59 Pages Posted: 13 Oct 2011
Date Written: October 11, 2011
Seldom in judicial history does the Supreme Court decide a case where it can, let alone will, reverse the standing precedent articulated by essentially every federal judicial circuit court across the nation. Eleven federal circuits, one after the other in a compressed period, barred the use of section 107 of the Comprehensive Environmental Response, Compensation, and Liability Act (CERCLA) for cost recovery by most plaintiffs. This, coupled with the practical result of the 2004 Supreme Court decision in Cooper Industries v. Aviall Services, Inc., greatly discouraged voluntary remediation activities at many of the 450,000 contaminated sites in the United States.
In 2007, in Atlantic Research Corp. v. United States, the Supreme Court unanimously reversed the prior wall of consistent precedent from these eleven unanimous federal circuit courts, as an error in statutory interpretation. This article analyzes each piece of this evolving and intertwined puzzle and practical results:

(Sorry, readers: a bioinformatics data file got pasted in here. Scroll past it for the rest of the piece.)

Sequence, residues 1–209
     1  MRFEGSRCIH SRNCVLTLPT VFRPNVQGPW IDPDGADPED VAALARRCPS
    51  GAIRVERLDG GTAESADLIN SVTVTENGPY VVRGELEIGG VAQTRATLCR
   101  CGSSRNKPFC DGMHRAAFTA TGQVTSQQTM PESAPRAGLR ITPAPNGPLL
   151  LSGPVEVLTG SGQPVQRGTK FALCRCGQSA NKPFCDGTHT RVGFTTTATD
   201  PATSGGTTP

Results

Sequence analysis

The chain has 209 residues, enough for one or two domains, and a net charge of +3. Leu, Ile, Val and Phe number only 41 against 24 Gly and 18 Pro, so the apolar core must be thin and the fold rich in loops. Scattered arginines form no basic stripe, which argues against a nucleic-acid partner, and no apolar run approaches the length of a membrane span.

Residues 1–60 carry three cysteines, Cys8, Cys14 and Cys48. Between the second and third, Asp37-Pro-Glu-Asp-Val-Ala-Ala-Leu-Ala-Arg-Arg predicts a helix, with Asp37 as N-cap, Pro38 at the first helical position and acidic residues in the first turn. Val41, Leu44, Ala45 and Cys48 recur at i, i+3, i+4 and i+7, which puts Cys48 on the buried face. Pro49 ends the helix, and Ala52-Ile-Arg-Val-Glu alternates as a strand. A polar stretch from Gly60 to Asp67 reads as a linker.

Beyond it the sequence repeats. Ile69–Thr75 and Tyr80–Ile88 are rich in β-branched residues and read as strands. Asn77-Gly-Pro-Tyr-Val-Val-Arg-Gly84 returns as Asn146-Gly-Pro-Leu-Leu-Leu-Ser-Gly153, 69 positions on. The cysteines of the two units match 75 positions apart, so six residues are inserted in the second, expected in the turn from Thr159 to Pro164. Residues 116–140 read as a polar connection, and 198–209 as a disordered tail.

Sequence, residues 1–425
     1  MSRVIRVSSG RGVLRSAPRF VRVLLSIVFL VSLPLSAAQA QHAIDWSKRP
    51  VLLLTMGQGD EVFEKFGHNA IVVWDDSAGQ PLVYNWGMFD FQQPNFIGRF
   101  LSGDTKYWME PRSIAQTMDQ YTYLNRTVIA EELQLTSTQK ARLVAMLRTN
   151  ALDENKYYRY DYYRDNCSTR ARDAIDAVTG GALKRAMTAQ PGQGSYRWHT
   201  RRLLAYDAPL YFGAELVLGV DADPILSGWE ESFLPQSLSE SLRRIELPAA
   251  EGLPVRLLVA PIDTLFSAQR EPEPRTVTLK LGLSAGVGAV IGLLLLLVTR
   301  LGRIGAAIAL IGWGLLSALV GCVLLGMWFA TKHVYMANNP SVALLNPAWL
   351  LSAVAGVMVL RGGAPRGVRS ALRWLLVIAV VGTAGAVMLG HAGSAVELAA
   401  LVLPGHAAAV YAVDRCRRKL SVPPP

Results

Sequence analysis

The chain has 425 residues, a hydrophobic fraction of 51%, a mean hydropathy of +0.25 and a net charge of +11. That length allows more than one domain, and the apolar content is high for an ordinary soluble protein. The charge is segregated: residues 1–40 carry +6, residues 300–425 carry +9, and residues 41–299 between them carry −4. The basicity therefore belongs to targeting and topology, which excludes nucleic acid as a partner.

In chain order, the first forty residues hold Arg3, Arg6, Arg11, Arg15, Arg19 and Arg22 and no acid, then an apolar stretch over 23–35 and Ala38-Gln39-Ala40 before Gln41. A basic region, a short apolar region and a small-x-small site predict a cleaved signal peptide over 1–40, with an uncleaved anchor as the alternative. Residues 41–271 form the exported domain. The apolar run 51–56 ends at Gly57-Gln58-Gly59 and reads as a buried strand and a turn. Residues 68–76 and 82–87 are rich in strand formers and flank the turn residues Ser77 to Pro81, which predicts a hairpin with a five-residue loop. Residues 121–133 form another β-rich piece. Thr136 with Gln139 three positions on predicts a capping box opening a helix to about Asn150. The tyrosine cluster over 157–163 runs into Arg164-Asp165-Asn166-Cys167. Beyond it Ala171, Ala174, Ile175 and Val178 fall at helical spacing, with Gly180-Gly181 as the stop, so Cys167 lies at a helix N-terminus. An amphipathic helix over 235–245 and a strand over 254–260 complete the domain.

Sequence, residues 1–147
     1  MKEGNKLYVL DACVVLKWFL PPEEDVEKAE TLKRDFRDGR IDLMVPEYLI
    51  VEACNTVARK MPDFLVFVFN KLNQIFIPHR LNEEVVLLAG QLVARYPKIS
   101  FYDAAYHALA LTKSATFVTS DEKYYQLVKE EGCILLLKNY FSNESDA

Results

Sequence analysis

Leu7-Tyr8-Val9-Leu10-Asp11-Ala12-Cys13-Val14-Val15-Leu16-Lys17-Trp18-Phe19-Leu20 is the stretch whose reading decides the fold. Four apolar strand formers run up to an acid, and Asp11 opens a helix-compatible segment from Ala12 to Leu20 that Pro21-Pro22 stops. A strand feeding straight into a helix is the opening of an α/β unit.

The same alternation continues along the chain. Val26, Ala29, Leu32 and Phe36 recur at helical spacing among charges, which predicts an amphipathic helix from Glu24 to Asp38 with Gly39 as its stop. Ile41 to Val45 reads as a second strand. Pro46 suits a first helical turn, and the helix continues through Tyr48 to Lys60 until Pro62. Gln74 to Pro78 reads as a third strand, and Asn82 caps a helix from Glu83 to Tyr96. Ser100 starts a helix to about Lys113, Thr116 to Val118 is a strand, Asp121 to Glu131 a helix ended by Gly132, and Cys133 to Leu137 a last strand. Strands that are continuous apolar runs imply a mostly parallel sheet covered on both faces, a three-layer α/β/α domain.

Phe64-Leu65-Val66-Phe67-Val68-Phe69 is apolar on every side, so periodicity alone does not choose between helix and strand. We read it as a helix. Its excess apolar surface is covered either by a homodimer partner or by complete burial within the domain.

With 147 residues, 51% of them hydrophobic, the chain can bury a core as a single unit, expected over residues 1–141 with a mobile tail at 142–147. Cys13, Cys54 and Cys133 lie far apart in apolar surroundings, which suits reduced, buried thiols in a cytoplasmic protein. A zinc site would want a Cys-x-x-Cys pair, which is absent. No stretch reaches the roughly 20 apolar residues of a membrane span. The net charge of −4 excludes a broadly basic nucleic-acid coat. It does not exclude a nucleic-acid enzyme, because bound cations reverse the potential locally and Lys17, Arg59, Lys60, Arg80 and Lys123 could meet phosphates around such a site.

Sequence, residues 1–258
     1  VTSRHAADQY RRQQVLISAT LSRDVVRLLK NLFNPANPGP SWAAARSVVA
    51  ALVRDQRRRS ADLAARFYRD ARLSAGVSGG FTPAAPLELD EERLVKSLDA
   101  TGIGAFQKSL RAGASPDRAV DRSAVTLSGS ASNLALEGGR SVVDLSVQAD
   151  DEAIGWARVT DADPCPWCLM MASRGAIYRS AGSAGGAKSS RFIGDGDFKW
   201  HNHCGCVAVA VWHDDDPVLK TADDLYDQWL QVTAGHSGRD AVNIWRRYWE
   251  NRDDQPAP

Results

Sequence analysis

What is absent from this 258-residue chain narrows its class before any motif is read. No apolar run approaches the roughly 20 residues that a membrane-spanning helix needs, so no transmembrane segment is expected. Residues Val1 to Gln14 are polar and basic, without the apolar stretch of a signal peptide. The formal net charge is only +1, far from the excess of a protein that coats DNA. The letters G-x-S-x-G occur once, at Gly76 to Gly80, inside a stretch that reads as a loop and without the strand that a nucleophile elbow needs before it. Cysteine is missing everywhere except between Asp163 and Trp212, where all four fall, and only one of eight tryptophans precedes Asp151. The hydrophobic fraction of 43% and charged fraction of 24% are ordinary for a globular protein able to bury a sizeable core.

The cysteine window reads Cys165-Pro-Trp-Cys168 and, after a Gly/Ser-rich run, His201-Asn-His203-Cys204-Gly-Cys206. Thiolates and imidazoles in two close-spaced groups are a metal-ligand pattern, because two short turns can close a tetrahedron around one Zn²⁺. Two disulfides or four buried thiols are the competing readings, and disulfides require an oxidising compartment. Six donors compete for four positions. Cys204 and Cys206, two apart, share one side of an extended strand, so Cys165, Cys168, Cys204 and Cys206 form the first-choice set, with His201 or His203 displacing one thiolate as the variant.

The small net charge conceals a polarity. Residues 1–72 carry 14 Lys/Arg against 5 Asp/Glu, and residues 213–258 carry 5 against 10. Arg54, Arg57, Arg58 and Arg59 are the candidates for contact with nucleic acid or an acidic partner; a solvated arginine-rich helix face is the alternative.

• The initial actions of all the federal circuits between 1994-2003 walling off private hazardous waste cost recovery actions,
• The pivotal impact of the 2004 Supreme Court decision in Aviall, which greatly limited CERCLA section 113 contribution liability allocation,
• The 2007 unanimous Supreme Court opinion in Atlantic Research reopening section 107 based on “plain meaning” statutory interpretation,
• How the lower courts have responded to these new commands, and
• The checkerboard of results that ensued.
Suggested Citation: Suggested Citation
Ferrey, Steven, The Superfund Cost Allocation Liability Conflicts Among the Federal Courts (October 11, 2011). Vermont Journal of Environmental Law, Vol. 11, p. 249, 2009; Suffolk University Law School Research Paper No. 11-45. Available at SSRN: https://ssrn.com/abstract=1942539